Limited evidence for effectiveness of transcutaneous electrical nerve stimulation (TENS) for pain relief in labour

Clinical question: 
How effective is transcutaneous electrical nerve stimulation (TENS) for pain relief in labour?
Bottom line: 
Overall, there was little difference in pain ratings between TENS and control groups, although women receiving TENS to acupuncture points were less likely to report severe pain. The majority of women using TENS said they would be willing to use it again in a future labour. Where TENS was used as an adjunct to epidural analgesia, there was no evidence it reduced pain. There was no consistent evidence TENS had any impact on the length of labour, interventions in labour, or the wellbeing of mothers and babies.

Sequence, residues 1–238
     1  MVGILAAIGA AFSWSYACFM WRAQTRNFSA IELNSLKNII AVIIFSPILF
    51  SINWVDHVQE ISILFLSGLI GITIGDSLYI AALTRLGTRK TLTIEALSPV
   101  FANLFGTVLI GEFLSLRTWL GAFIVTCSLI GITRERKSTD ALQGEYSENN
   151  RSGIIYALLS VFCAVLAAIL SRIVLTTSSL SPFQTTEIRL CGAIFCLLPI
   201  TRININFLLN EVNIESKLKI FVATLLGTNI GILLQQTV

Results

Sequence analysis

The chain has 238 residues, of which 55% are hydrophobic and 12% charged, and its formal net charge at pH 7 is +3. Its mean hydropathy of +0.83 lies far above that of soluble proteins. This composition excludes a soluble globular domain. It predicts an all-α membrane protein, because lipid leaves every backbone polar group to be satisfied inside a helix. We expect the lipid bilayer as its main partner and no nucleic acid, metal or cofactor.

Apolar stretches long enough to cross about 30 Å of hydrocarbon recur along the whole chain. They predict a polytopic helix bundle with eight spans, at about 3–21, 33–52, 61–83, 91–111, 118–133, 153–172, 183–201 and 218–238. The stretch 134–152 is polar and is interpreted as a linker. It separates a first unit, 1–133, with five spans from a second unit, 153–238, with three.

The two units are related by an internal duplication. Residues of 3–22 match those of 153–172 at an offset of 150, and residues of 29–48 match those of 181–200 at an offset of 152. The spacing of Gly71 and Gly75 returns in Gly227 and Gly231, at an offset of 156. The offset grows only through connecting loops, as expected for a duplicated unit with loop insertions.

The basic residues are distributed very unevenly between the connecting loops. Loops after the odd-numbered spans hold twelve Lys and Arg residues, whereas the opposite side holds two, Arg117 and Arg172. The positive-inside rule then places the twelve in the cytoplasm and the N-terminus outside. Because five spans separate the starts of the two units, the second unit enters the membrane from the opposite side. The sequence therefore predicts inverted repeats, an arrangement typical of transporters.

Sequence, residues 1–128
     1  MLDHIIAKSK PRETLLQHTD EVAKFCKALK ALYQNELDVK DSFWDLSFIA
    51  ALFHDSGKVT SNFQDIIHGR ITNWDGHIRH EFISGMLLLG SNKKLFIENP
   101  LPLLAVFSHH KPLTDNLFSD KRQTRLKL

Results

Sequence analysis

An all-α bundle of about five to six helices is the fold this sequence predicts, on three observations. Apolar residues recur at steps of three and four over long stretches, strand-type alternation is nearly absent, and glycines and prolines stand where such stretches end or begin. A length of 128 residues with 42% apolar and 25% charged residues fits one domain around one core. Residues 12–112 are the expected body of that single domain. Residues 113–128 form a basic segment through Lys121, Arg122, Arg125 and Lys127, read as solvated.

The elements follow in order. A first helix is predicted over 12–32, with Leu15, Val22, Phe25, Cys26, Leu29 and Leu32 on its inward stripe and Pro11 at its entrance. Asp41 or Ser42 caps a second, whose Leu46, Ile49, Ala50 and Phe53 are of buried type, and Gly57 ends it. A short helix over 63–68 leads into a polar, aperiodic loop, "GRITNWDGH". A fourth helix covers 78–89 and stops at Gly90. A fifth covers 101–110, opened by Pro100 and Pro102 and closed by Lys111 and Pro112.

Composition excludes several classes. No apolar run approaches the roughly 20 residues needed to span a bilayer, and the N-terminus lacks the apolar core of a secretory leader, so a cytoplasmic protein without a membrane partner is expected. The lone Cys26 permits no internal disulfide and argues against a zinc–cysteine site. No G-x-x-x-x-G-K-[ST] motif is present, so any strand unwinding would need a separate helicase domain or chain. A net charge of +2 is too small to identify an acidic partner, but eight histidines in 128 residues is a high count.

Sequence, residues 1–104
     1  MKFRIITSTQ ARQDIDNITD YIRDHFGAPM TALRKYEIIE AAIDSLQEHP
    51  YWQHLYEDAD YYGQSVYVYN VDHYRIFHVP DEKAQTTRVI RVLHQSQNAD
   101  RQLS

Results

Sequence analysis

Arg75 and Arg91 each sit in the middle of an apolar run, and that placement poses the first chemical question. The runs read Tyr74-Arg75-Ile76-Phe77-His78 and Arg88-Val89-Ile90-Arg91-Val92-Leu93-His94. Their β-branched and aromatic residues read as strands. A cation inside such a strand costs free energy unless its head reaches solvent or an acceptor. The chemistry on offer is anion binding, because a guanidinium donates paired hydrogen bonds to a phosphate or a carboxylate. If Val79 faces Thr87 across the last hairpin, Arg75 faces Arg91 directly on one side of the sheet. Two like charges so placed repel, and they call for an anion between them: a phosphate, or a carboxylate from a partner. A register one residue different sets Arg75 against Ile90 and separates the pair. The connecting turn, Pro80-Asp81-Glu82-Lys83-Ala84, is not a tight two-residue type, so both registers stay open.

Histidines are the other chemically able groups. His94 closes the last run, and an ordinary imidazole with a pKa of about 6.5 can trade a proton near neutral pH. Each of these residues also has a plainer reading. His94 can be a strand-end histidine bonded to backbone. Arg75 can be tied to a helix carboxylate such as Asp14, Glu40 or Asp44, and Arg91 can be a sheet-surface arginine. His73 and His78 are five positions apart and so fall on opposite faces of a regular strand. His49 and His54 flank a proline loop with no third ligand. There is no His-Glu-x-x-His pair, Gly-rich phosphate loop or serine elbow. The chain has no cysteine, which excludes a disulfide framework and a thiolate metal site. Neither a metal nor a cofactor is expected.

The risk of bias in these studies was generally high. Few studies provided clear information about sequence generation or methods used to conceal group allocation. It is not known whether TENS would help women to manage pain at home in early labour.
TENS has been proposed as a means of reducing pain in labour. The TENS unit emits low-voltage electrical impulses which vary in frequency and intensity. During labour, TENS electrodes are generally placed on the lower back, although TENS may be used to stimulate acupuncture points or other parts of the body. The physiological mechanisms whereby TENS relieves pain are uncertain. The TENS unit is frequently operated by women, which may increase sense of control in labour.
Review CD#: 
July, 2009
Authored by: 
Brian R McAvoy